March 21, 2016 - 8:05 pm
When it comes to voter ID, Democrats love to stoke the fire with claims of massive disenfranchisement at the hands of voter-suppressing Republicans. The trouble is, the public doesn’t quite buy the arguments that identification laws suppress voter turnout or that election fraud simply doesn’t happen enough to justify photo ID requirements.
According to a recent report in the Huffington Post, eight of the 16 states that had held primaries or caucuses through early March had also implemented new voter ID or other restrictive voting laws since 2010. Democratic turnout has dropped by 37 percent overall in those states.
“To put it another way,” the article states, “Democratic voter turnout was 285 percent worse in states with new voter ID laws.”
The article goes on to say that Democratic turnout has dropped by just 13 percent in the states without new voter restrictions. As Thomas Lifson pointed out in a recent blog post for the American Thinker, however, the Huffington Post piece fails to mention that Republican turnout is at record numbers “despite the ‘burden’ of obtaining voter ID.”
As we’ve previously noted, voter identification laws have broad support among voters of all stripes, who are overwhelmingly comfortable reaching into their wallets to prove their identity for business far less important than voting.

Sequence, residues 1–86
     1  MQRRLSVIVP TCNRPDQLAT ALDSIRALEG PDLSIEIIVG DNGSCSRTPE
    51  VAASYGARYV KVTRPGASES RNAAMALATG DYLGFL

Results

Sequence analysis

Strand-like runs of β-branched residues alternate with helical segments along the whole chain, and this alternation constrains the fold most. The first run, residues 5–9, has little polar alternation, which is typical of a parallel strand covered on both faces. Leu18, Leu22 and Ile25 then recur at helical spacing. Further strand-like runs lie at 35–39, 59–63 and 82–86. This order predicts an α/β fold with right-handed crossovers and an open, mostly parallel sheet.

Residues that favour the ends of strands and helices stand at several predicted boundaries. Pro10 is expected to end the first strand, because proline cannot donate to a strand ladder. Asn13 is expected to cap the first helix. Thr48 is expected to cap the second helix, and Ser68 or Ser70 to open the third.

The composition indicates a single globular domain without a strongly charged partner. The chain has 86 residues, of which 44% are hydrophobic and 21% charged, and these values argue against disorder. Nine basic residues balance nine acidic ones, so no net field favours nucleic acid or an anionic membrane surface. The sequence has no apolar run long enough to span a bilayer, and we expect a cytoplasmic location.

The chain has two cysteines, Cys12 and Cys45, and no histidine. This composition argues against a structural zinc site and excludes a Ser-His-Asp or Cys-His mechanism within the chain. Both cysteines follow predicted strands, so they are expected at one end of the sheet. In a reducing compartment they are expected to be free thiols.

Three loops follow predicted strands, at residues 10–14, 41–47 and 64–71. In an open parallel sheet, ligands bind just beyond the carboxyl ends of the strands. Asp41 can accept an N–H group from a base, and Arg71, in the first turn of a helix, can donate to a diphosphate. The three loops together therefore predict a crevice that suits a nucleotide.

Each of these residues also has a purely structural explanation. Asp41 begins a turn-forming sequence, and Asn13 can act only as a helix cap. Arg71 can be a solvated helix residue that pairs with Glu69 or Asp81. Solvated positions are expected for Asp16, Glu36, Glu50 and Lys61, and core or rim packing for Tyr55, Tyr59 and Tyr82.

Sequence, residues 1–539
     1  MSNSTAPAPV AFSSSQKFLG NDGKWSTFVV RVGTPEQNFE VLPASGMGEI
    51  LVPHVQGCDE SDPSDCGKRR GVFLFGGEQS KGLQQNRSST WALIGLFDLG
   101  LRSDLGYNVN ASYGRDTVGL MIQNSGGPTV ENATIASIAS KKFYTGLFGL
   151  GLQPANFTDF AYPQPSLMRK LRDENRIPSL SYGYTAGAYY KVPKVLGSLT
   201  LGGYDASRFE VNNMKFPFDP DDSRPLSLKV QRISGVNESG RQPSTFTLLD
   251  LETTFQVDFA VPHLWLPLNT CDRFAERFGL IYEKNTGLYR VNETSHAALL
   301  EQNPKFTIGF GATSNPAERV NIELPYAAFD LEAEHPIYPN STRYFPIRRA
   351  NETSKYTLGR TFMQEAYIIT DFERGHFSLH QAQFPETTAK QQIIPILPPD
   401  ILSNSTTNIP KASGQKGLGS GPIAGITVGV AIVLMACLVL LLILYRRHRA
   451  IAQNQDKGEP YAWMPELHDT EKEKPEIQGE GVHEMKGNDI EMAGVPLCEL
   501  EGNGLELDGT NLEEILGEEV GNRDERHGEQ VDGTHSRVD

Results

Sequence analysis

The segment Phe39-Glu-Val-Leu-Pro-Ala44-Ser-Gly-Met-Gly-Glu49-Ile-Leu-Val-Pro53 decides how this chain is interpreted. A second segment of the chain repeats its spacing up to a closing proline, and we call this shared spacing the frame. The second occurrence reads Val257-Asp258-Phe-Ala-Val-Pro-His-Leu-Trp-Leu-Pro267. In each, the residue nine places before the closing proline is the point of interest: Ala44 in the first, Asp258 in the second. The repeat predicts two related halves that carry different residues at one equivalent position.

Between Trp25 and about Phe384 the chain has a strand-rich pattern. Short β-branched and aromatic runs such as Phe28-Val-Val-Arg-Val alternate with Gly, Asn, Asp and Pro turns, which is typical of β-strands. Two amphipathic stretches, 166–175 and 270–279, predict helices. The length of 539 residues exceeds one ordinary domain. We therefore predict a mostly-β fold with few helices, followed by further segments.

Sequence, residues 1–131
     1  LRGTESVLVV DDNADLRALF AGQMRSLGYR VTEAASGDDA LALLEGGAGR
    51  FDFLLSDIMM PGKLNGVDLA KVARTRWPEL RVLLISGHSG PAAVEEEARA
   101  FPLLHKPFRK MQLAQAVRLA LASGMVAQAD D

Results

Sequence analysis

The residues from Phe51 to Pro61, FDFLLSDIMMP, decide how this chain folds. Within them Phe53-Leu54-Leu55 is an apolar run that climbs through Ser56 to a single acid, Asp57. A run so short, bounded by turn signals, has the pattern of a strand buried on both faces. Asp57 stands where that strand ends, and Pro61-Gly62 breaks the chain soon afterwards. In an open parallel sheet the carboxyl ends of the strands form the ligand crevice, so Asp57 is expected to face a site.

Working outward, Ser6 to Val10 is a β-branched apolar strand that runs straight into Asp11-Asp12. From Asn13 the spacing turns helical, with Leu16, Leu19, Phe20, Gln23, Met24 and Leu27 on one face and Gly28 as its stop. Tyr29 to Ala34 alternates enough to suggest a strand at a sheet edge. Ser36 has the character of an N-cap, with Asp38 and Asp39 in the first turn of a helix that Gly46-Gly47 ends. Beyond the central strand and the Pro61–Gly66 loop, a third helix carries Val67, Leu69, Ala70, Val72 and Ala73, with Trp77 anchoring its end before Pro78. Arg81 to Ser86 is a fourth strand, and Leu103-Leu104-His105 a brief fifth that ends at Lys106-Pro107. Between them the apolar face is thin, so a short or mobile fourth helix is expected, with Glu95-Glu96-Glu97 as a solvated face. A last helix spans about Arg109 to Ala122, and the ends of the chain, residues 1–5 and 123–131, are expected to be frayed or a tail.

Americans have to furnish photo identification to use a credit card at many businesses. We have to show photo identification to get on an airplane, and we have to show a photo ID to buy alcohol — even if we have some gray hairs. Americans want similar security measures to protect the integrity of elections, too, and photo identification is largely settled law.
A March 2014 Rasmussen Reports poll found that 78 percent of Americans support showing identification before voting. A 2013 Marist/McClatchy poll found 83 percent of Americans — including 72 percent of Democrats, 83 percent of nonwhite adults and 84 percent of households earning less than $50,000 per year — support showing ID. A 2012 Washington Post poll found 74 percent of Americans favor of a photo ID requirement for voters.
Nevada’s Legislature, with Republican control of both the Senate and the Assembly, blew an opportunity to enact a photo voter ID law last year. So there’s nothing that can be done ahead of the 2016 election. But as the above statistics show, and as Indiana’s toughest-in-the-nation photo ID standard proved in passing Supreme Court muster on a 6-3 decision, requiring photo ID to vote has broad bipartisan support. Even liberal Justice John Paul Stevens wrote an opinion in favor of the measure, saying that such a requirement is not “excessively burdensome.”
Nevadans and citizens across the country are used to showing photo ID for myriad other reasons. Lawmakers in Nevada and other state legislatures lacking a photo ID law should get to the business of enacting such a requirement, and make sure poll workers start asking for photo ID.